Bloomberg listened in to the recent earnings calls of a dozen Western companies that have supply chains in China. What it found (porous paywall) is that these companies, which sell products ranging from apparel to maintenance equipment to shoes, are all “ready to relocate supply chains if the cost of importing Chinese goods becomes prohibitive.”
- Southeast Asia was a region some companies said they were looking to expand supply chains into, but many others did not specify where. Only one out of the dozen indicated that the U.S. was vaguely an option for supply chain reinvestment: W.W. Grainger Inc.’s CEO said, “if it’s shifted, it could go either to India, to Mexico or to the U.S., depending on the nature of the product.”
- Similar to the Chinese companies that media spoke to at the Canton fair earlier this month, not all of their products are under tariffs yet, but they anticipate that they are likely to be caught up in higher border taxes by the end of the year (as threatened by the Trump administration).
A couple other notable stories on U.S.-China relations and the trade war:
- Facebook and Twitter contradicted Trump about his claim that China was “interfering” in the upcoming midterm congressional election in the U.S. Bloomberg says (porous paywall) that while the social media giants have reported disinformation campaigns on their sites originating from Russia and Iran, none have been traced to China.
- Three cybersecurity firms — FireEye Inc., Symantec Corp., and Crowdstrike Inc. — all also said they “haven’t seen evidence of digital interference by China,” Bloomberg notes.
- Though the China International Import Expo in Shanghai, a first-of-it-kind event, will feature “more than 2,800 companies from 130 nations” including the U.S., the Trump administration will send no high-level representative to the event, AP reports.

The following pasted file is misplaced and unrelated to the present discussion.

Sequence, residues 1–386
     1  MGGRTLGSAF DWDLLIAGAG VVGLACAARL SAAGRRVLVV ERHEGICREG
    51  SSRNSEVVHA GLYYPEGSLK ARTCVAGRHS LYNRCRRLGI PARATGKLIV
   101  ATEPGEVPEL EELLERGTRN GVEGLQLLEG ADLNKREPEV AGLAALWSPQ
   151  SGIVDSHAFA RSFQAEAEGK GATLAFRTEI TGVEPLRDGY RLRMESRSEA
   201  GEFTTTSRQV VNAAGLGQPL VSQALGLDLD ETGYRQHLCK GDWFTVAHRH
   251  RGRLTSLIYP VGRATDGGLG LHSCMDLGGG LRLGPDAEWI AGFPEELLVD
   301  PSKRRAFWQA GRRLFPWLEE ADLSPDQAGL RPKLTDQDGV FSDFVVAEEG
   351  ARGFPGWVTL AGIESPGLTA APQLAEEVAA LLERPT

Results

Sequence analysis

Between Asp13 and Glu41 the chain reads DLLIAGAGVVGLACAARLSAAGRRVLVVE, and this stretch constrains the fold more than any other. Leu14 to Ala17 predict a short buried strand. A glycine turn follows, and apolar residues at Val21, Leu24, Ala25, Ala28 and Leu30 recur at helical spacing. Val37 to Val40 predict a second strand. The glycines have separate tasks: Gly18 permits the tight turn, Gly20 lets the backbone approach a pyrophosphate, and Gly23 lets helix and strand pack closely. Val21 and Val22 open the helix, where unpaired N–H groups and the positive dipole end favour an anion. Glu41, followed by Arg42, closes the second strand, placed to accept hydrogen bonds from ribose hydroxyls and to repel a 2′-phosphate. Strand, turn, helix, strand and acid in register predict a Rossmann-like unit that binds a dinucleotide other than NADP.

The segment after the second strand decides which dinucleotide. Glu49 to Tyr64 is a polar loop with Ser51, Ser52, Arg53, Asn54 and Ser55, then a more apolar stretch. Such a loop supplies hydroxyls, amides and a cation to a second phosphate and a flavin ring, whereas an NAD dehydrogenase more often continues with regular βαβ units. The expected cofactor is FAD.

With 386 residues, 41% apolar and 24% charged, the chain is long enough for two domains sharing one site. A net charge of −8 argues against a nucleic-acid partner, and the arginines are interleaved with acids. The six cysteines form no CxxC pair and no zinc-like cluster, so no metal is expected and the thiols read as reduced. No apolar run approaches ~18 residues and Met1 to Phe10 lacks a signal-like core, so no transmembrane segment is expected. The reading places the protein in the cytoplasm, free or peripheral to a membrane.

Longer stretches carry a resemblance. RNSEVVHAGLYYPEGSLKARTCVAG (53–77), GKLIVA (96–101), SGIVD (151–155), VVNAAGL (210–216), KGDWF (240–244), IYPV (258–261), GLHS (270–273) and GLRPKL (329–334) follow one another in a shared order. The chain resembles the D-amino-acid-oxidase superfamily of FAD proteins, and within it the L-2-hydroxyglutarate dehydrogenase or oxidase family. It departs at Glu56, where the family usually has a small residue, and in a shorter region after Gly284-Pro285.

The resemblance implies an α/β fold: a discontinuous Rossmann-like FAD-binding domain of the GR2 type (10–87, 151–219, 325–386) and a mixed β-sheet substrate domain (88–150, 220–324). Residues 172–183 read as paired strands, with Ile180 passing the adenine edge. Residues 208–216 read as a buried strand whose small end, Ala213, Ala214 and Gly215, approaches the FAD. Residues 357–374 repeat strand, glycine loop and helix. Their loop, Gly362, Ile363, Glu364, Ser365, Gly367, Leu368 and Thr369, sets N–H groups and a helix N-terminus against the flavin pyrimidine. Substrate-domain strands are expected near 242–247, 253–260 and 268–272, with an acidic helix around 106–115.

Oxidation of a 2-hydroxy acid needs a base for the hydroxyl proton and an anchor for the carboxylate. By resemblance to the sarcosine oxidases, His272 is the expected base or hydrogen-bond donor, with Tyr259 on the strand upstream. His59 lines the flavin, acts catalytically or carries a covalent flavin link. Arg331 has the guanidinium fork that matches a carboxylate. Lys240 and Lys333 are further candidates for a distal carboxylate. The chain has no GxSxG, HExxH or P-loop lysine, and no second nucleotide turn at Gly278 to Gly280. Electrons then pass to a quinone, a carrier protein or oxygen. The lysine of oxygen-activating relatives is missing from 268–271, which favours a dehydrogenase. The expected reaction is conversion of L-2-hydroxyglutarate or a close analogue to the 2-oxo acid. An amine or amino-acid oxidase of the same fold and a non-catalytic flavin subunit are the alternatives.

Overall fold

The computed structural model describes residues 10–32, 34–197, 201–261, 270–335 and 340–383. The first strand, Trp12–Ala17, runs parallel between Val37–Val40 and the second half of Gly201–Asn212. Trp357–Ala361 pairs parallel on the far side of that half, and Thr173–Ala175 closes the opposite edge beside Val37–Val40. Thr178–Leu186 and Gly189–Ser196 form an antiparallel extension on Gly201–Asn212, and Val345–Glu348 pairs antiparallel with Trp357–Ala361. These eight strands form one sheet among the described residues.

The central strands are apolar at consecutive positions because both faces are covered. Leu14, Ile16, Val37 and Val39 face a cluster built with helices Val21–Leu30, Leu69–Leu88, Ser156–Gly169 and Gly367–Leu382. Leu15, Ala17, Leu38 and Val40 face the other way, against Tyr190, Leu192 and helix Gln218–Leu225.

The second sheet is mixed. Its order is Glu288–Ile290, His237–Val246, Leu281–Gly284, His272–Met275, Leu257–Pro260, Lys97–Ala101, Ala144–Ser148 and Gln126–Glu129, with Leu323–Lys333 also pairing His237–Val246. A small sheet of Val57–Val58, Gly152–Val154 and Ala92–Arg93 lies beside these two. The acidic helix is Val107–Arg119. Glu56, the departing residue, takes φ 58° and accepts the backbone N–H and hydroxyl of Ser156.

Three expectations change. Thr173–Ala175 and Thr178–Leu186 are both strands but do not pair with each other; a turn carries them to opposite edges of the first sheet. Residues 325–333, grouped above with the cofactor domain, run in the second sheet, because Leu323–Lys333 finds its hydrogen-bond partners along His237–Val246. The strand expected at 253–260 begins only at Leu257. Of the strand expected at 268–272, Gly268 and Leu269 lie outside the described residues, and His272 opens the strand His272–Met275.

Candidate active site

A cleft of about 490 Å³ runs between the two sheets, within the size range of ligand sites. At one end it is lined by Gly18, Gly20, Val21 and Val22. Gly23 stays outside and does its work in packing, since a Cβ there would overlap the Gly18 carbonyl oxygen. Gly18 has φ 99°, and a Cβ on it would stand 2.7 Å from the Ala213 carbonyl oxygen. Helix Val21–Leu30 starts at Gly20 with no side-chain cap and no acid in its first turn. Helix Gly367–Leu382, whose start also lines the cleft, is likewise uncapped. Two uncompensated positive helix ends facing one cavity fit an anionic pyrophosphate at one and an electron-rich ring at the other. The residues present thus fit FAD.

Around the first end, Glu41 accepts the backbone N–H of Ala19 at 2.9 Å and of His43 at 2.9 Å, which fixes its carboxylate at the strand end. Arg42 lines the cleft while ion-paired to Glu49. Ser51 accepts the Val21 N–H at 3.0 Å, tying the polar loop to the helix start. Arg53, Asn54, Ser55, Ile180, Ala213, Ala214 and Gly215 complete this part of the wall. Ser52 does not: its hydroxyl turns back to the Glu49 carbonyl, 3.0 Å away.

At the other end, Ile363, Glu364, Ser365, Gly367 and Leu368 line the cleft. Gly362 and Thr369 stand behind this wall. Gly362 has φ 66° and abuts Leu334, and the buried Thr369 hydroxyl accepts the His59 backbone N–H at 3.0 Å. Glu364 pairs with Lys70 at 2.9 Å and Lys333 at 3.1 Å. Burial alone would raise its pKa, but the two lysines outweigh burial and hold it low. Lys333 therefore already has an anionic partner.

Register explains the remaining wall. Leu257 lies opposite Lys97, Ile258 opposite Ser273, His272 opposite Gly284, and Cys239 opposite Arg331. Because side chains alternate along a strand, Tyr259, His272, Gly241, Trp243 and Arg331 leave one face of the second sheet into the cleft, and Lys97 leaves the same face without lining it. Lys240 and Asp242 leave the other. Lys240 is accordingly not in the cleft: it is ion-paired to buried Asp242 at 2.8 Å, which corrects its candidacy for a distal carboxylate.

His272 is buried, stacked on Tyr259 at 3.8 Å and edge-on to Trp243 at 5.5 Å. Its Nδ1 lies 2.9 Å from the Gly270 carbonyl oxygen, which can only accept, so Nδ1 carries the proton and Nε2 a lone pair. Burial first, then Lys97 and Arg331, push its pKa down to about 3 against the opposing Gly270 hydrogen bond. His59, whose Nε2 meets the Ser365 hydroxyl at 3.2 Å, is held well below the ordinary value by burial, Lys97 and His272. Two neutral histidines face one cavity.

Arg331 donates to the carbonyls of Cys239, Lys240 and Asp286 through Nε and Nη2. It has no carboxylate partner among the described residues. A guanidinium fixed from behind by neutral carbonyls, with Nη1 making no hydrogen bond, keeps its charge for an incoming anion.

More trade war and U.S.-China related news:
- Who’s afraid of artificial intelligence?
The AI cold war with China that could doom us all / Wired
“Meanwhile, as Beijing began to build up speed, the United States government was slowing to a walk. After President Trump took office, the Obama-era reports on AI were relegated to an archived website. In March 2017, Treasury secretary Steven Mnuchin said that the idea of humans losing jobs because of AI ‘is not even on our radar screen.’ It might be a threat, he added, in ‘50 to 100 more years.’ That same year, China committed itself to building a $150 billion AI industry by 2030.”
“But if the Trump White House was relatively slow to grasp the significance and potential of AI, it was quick to rivalry. By midsummer, talk of a ‘new cold war arms race’ over artificial intelligence was pervasive in the US media.”
- Rare earth metals
China cutting rare earth output, unnerving global manufacturers / Reuters
“For the second half of 2018, China’s quota for rare earth separation and smelting has been cut 36 percent, an attempt to better control the market, according to Adamas, a research firm that closely tracks the rare earths industry.”
- Lessons from Sinochem and ChemChina merger
A stealth merger in China should concern investors / FT (paywall)
- Currency concerns
The Chinese yuan is going to get weaker in the next 6 months, says Goldman Sachs / CNBC
Kevin Rudd on the US-China trade war / FT (paywall)
“I think we’re looking at a fundamental shift” from engagement to “strategic competition” between the U.S. and China, the former PM of Australia says on this FT podcast.
- Universal Postal Union
U.S. threat to retreat from postal union to have minimal impact on China, analysts say / Caixin (paywall)
Previously in SupChina’s trade war coverage: